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Could screening the social media of US visitors help prevent terror attacks?

The Department of Homeland Security has proposed asking foreign visitors to disclose their social media information. 

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    Travelers stand in line to go through Transportation Security Administration (TSA) check-points at Los Angeles International Airport in Los Angeles, U.S., on May 31, 2016.
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Could screening the social media accounts of foreign visitors to the US help thwart terror attacks? 

The Department of Homeland Security (DHS) may soon be doing just that.

In a notice by US Customs and Border Protection published in the Federal Register last week, the agency proposed adding a line to forms filled out by visitors to the US asking them to voluntarily disclose their social media information.  

"Collecting social media data will enhance the existing investigative process and provide DHS greater clarity and visibility to possible nefarious activity and connections by providing an additional tool set which analysts and investigators may use to better analyze and investigate the case," the notice read. 

The proposal will now undergo a 60-day comment period, ending August 22, for the public to weigh in. 

The Islamic State has notoriously used Twitter to recruit supporters, both in America and around the world. As The Christian Science Monitor's Molly Jackson reported in December: 

...The growth of social media has made terrorism propaganda not only more accessible – "the terrorist is in your pocket," as FBI director James Comey told the Senate this summer – but more personalized for each Twitter user, increasing the chances he or she could be 'groomed' for recruitment. 

At least 46,000 Twitter accounts are maintained by IS supporters, according to a March 2015 report from The Brookings Project on US Relations with the Islamic World, although a mere 500 to 2,000 contribute the bulk of its online activity.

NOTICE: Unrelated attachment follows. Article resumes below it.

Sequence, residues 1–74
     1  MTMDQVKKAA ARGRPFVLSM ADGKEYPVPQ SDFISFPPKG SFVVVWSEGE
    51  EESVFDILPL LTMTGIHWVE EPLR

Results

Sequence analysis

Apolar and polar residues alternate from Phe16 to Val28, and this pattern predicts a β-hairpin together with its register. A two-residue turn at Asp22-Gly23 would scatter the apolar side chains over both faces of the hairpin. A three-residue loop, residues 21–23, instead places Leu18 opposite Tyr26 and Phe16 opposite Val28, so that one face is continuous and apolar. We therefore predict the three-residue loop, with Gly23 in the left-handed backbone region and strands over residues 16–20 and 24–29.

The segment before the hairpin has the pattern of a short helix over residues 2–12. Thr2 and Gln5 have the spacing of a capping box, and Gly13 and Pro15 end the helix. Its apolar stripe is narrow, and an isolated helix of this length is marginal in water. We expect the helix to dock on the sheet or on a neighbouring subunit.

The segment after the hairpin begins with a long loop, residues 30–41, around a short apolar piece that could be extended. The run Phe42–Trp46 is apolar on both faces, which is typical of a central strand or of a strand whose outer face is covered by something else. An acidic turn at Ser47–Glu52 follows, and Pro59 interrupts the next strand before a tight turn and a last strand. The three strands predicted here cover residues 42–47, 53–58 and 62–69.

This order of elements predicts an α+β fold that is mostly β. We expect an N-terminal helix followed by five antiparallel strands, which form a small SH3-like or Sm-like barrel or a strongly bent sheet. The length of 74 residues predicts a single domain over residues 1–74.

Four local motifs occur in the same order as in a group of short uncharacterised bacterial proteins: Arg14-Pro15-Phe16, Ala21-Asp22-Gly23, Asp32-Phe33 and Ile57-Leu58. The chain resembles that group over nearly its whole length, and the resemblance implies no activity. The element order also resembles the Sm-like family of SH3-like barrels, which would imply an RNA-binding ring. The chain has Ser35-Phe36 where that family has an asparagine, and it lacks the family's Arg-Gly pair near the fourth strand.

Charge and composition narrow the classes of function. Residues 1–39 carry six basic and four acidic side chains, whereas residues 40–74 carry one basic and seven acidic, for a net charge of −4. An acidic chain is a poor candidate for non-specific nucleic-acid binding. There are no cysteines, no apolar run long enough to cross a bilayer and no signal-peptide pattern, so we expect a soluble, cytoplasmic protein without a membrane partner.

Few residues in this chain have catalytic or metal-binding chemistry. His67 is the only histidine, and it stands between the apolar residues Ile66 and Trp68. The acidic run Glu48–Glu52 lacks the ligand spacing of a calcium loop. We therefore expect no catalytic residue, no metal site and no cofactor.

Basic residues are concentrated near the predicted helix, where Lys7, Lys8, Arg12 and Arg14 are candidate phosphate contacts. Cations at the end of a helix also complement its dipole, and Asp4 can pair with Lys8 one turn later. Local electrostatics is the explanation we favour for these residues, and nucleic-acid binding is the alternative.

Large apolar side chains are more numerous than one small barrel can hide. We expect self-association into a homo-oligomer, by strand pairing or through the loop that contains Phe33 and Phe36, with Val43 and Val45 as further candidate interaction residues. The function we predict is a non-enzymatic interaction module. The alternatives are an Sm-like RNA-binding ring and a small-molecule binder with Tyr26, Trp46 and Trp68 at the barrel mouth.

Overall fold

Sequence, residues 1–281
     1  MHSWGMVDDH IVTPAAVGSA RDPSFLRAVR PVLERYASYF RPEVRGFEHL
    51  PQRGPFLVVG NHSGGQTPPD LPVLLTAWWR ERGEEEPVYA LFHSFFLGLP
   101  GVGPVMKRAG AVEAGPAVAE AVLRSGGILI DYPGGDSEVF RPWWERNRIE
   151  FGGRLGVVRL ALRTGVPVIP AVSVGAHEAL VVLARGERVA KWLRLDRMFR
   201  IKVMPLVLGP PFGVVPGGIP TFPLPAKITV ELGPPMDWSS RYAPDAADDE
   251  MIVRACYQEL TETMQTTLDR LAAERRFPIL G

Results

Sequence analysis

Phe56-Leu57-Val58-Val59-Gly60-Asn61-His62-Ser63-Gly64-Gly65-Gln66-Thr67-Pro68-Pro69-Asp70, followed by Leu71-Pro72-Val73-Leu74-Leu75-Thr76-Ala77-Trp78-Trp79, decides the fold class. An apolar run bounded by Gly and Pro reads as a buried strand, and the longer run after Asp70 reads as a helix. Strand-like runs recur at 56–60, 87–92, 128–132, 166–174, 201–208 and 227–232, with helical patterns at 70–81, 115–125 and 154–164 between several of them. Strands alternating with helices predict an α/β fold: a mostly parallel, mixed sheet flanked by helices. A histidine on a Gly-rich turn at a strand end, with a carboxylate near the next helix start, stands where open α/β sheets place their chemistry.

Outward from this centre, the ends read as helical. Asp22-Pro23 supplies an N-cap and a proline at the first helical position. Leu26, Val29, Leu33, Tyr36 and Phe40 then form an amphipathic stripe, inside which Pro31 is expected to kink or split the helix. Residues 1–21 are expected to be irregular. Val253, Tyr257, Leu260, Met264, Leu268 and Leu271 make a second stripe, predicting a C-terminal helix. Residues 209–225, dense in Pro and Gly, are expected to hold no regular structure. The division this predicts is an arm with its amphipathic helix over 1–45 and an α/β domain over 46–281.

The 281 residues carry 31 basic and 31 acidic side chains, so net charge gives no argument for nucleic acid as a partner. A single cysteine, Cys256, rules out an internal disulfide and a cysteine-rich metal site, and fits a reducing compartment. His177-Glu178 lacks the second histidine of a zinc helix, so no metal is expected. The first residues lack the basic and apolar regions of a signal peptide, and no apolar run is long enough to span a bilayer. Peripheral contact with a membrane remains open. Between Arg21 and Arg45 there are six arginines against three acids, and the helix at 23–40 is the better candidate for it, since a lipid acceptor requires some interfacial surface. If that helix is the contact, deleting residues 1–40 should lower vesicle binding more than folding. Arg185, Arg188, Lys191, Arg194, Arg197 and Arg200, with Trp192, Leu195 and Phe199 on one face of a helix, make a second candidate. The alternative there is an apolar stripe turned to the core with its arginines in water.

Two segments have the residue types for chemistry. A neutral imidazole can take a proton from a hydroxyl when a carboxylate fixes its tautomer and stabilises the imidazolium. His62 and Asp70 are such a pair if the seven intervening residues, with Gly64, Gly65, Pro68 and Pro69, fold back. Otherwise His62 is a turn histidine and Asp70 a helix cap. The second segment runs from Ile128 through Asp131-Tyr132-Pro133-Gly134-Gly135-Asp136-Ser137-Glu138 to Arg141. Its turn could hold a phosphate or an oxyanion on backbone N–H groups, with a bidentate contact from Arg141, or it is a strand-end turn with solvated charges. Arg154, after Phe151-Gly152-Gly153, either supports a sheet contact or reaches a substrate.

Considering the documented use of social media by the Islamic State, some lawmakers say the DHS's proposal isn't enough. 

Legislation currently pending in Congress would make disclosure of social media information mandatory for foreign travelers, requiring the DHS to review all public records, including Facebook and other social media, before admitting visitors to the US. 

Rep. Vern Buchanan (R) of Florida, who introduced one such bill in the House, called the DHS proposal for optional screening "lame."

"What terrorist is going to give our government permission to see their radical jihadist rants on social media?" Rep. Buchanan asked in a press release. "The only people who will share that information are those with nothing to hide." 

While the DHS doesn't consistently look at the social media accounts of people applying for visas or immigration, it does have a list of nearly three dozen situations in which it can use social media to screen applicants, according to The New York Times. 

There are also four pilot projects currently underway for the department to study social media use among people applying for immigration benefits. One of the projects, which began in December and runs through this month, screens the social media accounts of those applying for fiancé(e) visas. (One of the attackers in the December shooting in San Bernadino, Calif. entered the US with such a visa.) 

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